The sacraments (59): For the departed under the hands of the Apostles
Can the departed receive salvation too? The question is as old as Christianity itself. The answer of the New Apostolic Church is not even all that new—and nevertheless, it is unusual. Here is the story of how the sacraments for the departed came to be dispensed.
“1870. The first sealing for the departed (the child of brother v. d. Bosch) after consultation and study of Holy Scripture. The second was the child of Brother Meijnders.”—Did this New Apostolic tradition really begin that long ago?
In actual fact, historians trace the beginnings of this tradition to the year 1872. This date is based on recollections from Chief Apostle Hermann Niehaus, which he expressed in divine services for the departed in 1927 and 1928. But it has less to do with the first holy acts themselves than with the reflections of Friedrich Wilhelm Schwarz—the leading Apostle of the time—on the subject.
The specific references to the year 1870 are found in a commemorative document—in honour of Apostle Schwarz—from the Verkruisen household. And this is certainly a name with some history. After all, Nicolaas Verkruisen senior was front and centre when things really began to get moving in the Amsterdam congregation. His participation in the earlier dispensation of sacraments to the departed is documented.
So does this mean the history needs to be rewritten? Not necessarily—because the dates given by Chief Apostle Niehaus and Shepherd Verkruisen diverge in more than this instance. And reliable sources that could set the record straight are nowhere to be found at present.
Reports in newsletters
What is certain, however, is that by 1874 at the latest, Holy Sealing for the departed was practically a matter of course in the congregations of the Netherlands. This is clear from a publication known as De Herinnering, a regularly appearing newsletter with reports on divine services and news from the congregations.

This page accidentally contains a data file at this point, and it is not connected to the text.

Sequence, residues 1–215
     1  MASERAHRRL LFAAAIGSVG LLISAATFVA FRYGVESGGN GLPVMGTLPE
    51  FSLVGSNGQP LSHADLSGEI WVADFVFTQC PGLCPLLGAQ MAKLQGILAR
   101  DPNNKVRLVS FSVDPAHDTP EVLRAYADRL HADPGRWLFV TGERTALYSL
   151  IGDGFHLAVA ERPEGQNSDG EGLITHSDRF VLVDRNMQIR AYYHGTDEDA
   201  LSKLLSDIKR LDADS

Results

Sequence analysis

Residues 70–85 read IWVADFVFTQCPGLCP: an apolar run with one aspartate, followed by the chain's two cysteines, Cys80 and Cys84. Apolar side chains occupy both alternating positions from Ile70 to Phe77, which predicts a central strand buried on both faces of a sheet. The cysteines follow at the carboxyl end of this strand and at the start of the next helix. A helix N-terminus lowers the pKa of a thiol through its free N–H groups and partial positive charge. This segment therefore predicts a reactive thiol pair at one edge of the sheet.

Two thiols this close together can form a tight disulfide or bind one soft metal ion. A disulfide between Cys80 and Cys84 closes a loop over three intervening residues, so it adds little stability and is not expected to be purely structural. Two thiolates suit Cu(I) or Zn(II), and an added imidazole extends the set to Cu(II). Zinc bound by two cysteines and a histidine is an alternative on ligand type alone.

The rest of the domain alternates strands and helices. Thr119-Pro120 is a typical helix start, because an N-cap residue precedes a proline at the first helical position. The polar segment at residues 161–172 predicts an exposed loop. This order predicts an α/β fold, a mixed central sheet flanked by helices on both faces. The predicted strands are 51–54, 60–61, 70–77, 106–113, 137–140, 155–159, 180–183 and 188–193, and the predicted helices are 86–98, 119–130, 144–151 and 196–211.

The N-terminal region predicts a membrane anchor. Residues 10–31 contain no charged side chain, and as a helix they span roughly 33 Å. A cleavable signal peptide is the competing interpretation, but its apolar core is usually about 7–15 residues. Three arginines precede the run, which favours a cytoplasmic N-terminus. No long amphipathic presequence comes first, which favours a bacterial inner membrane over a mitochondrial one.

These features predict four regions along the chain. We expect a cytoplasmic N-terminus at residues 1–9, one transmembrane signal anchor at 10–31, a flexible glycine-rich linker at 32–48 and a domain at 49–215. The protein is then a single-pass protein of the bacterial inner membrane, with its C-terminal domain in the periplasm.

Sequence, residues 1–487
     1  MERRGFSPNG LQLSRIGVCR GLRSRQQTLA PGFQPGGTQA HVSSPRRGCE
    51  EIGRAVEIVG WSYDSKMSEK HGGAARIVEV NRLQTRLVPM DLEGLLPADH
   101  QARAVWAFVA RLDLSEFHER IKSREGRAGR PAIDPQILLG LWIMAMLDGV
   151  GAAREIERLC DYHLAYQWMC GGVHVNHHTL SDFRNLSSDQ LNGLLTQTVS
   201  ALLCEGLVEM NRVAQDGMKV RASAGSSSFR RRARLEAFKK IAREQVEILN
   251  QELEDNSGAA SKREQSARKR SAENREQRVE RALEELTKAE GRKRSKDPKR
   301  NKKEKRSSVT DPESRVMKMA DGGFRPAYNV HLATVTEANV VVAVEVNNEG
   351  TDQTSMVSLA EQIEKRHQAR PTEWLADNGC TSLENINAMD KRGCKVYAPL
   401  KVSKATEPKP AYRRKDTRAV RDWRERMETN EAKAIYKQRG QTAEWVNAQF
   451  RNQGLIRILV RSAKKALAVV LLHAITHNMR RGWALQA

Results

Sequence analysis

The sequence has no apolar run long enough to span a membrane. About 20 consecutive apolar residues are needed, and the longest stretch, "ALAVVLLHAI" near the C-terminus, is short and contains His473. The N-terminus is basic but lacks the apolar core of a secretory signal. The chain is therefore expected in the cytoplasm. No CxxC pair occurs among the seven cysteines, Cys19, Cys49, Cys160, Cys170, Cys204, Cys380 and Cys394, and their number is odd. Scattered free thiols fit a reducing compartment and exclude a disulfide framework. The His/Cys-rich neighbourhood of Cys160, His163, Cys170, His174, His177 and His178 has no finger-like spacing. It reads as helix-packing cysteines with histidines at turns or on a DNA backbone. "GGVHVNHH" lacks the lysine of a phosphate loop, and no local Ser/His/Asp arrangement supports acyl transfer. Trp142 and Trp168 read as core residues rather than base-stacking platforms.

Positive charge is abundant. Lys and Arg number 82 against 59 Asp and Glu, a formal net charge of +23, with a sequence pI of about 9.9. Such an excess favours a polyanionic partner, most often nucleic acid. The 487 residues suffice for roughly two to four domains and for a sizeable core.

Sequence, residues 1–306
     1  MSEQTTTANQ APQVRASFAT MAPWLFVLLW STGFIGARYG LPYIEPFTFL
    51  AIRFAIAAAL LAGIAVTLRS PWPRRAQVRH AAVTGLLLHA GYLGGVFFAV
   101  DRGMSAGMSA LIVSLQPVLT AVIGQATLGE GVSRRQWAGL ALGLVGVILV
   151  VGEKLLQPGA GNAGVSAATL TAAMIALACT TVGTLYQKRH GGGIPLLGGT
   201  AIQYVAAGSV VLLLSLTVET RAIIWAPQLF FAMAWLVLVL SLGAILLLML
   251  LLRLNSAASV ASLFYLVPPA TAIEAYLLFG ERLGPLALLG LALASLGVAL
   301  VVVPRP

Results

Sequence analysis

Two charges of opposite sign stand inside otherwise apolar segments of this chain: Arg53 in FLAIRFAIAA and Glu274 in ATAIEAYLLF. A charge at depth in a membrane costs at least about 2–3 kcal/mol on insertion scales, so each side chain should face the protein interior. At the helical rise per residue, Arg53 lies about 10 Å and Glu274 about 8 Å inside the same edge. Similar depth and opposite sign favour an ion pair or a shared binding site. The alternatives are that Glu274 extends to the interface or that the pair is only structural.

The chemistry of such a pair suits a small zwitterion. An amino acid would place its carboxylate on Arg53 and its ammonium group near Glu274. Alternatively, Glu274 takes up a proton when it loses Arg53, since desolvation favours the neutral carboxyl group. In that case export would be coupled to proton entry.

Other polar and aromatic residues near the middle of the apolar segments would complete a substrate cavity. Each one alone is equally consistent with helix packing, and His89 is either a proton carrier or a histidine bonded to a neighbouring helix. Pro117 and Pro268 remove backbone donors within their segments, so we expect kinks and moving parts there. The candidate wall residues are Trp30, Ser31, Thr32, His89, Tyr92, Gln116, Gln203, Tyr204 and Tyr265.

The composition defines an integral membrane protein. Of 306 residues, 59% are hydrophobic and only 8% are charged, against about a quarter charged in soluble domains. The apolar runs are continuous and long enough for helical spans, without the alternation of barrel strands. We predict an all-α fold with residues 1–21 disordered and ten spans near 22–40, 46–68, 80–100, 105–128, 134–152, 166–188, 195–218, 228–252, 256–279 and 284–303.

Again and again this publication would also incorporate reports on the sealing of the departed: “Many departed souls were baptised with fire and the Spirit,” it says in April 1874, for example. And in May of that same year, the following record appears: “On Ascension Day, four Christians were sealed, and then many from among the departed.”
Already in January of that year, Apostle Schwarz explained his understanding of the beyond and the sacraments. This included the following remarks: “Those who wish to be baptised on behalf of the departed must therefore make a high priority of their belief in the baptism of water and of fire. But anyone who still has doubts and does not stand firm in this faith should—and must—not do so on behalf of the departed.”
The beginning of the story
Irrespective of the year, however, the sources do tend to agree on a common picture: it was largely personal strokes of fate, particularly the deaths of unbaptised children, that raised the question of salvation for the departed in very concrete and personal terms.
The answer came in two ways. On the one hand, there were visions in which some members of the congregation were able to see departed souls come to place their heads under the hands of the Apostle during sealing services. On the other hand, there was also evidence recorded in Holy Scripture: the Apostles occupied themselves intensively with the vicarious baptism referenced in 1 Corinthians 15: 29, for example.
After Apostle Schwarz, it was not long before Apostle Friedrich Wilhelm Menkhoff and the later Chief Apostle Friedrich Krebs also performed sealings for the departed. But that was just the beginning of a turbulent history which will be the subject of the next issue in this series.
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